26. 26. What we’re learning – Singapore Implementation ▪ Nurturing passion in children to be creators of technology ▪ Digital Maker Programme, foster a culture of innovation and co-creation & use of micro:bit across subjects ▪ micro:bit available to all interested primary and secondary schools ▪ Teacher training offered; min 5 teachers per school across all subjects. Workshops for parents and community ▪ IMDA public-private org working with Ministries for Education, and Communications and Information – Year 1 2017 Curriculum status: Computing technology is not a formal curriculum subject, 2017 introduced a complementary programme for ‘digital making’ across curriculum subjects at school School students: ? Number of micro:bits in use: ? Case study https://bit.ly/2GVppIl https://www.imda.gov.sg/digitalmaker
  27. 27. What we’re learning – Lithuania Curriculum status: Technological Literacies and Information Technologies. School students: 11 & 12-year-olds: Grade 5 Number of micro:bits in use: 27,000 across all grade 5 students http://www.kompiuteriukai.lt Implementation ▪ Use of micro:bit across curriculum subjects ▪ Teacher training offered to IT teachers initially ▪ Early evaluations shows girls and boys equally enjoy learning with technologies and are motivated to work together ▪ Education charity working in schools with approval by Ministry of Education ▪ Fundraising donations from private business and citizens ▪ First year 2018
  28. 28. What we’re learning – Canada Curriculum status: Varies across provinces, Science and Technology, Applied Design, Skills and Technologies, Applied Science and Technology School students: 8 to 12 year-olds: Grades 3 to 7 Number of micro:bits in use: 100,000 https://kidscodejeunesse.org/microbit.html Implementation ▪ Research-led initiative – teaching children digital skills at a young age reduces traditional barriers to *STEM subjects ▪ Teachers invited to sign-up to training and micro:bit programme ▪ Integrating computational thinking, physical computing and coding across curriculum subjects ▪ Education orgs working in schools with funding from Ministries of Science, and Innovation, Science and Economic Development ▪ First year 2018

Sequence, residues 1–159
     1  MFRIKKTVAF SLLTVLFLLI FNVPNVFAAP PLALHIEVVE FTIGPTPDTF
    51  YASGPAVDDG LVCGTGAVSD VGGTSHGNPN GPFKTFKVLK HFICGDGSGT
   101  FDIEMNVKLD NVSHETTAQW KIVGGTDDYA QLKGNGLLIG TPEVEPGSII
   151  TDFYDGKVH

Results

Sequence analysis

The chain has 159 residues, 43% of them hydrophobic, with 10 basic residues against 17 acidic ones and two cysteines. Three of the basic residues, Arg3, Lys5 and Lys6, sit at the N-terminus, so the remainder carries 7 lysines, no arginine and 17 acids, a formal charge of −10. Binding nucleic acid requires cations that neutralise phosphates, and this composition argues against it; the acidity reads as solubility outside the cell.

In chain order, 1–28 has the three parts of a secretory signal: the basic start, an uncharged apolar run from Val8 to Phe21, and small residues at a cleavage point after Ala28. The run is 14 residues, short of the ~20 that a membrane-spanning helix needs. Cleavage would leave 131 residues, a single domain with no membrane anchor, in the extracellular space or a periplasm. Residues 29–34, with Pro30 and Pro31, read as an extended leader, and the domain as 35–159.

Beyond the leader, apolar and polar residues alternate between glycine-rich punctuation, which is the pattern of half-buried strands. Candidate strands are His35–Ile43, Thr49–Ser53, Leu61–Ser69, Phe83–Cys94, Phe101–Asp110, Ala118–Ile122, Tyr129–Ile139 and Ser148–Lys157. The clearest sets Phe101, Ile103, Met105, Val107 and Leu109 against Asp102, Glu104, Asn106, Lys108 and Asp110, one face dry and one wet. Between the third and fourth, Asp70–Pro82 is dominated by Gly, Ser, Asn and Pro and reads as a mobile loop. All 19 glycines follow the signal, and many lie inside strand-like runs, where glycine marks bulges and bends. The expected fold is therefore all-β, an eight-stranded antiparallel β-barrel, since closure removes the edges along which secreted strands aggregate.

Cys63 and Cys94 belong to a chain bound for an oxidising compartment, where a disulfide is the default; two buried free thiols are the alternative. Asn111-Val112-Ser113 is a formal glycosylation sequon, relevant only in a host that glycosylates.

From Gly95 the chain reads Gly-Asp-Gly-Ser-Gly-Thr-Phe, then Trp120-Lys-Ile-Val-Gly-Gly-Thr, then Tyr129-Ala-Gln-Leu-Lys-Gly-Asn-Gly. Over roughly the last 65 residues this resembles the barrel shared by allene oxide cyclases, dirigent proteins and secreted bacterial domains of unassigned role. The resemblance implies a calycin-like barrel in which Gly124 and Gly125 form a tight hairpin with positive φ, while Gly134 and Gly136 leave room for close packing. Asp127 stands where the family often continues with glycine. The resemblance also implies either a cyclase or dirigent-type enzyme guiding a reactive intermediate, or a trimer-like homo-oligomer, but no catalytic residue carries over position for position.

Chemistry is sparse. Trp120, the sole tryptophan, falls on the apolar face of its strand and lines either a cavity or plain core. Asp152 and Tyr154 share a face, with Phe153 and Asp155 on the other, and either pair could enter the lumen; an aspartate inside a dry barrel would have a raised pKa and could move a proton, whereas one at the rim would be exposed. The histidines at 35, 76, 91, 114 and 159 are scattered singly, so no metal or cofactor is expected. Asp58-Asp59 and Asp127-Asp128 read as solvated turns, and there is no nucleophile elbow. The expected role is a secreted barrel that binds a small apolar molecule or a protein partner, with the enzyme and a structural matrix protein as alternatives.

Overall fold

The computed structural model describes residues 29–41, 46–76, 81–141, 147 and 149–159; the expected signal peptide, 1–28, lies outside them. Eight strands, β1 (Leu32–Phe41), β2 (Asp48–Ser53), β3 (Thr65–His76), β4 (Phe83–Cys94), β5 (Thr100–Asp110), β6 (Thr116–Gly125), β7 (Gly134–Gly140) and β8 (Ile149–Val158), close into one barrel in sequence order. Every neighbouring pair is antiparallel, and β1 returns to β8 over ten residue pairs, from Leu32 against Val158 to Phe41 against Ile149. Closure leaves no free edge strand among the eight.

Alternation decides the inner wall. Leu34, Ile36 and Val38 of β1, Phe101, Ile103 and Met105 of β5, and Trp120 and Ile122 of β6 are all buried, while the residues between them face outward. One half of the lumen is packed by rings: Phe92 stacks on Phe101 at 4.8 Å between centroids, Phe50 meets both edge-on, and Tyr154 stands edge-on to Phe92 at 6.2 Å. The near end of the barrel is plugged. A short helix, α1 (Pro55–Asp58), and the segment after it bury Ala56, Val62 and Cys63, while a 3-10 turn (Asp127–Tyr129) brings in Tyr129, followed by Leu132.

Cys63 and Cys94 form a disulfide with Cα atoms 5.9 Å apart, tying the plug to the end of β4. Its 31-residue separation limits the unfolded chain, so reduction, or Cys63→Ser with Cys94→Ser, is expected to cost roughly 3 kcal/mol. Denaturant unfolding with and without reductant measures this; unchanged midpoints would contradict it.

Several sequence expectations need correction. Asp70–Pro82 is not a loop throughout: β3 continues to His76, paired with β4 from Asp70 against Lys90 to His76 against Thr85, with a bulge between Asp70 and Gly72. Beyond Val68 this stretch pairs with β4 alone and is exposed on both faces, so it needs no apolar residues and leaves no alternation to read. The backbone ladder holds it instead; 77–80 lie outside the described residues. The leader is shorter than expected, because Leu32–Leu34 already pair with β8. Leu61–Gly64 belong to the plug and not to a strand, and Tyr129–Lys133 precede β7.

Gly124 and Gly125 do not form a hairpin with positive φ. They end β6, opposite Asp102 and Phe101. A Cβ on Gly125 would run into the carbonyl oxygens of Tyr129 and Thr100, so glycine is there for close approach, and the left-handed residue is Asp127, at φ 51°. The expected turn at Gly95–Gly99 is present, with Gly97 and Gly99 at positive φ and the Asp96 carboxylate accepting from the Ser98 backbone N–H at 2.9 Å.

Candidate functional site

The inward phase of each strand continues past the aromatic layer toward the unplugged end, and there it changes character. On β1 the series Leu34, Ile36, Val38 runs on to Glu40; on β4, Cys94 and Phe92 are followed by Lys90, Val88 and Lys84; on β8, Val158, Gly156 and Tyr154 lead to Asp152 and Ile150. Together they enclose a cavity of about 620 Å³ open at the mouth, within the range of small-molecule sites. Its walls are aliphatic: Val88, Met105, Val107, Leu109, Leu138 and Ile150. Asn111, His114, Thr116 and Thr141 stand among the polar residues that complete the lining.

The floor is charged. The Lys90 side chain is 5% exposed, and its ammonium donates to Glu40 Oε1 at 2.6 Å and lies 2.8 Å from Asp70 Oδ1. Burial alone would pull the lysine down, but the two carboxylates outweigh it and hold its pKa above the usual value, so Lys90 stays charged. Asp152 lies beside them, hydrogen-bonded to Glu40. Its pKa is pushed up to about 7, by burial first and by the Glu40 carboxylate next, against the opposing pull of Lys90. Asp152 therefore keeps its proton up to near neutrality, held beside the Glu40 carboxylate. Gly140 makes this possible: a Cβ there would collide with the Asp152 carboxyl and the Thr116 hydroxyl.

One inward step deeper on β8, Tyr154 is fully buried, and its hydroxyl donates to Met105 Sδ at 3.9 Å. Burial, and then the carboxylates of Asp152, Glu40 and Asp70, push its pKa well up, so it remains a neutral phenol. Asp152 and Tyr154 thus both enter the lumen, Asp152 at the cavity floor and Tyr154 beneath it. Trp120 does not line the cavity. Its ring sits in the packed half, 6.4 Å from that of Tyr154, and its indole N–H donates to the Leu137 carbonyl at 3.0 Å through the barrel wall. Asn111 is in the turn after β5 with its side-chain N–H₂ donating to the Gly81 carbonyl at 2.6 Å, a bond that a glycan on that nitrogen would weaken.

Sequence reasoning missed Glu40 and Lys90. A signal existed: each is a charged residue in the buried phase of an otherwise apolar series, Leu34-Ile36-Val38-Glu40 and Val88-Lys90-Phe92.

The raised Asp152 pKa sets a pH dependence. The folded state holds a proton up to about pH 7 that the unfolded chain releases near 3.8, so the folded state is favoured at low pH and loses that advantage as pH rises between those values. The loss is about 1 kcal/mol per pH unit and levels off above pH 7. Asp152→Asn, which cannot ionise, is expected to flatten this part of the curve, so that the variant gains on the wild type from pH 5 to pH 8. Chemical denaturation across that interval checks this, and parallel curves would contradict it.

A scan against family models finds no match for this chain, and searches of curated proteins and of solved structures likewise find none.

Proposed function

29. 29. Digital Maker Programme, Singapore
  30. 30. Things to remember about micro:bit Simple to use Immediate success From code to download in minutes Becomes more sophisticated as children’s knowledge and understanding grows Affordable Designed for low cost Code products and services free worldwide Flexible use with accessories and products Meaningful learning Embeds in your educational and cultural context Learning benefits Building and applying computational knowledge and digital skills
  31. 31. Thank you Email magda@microbit.org Twitter @Magda_Wood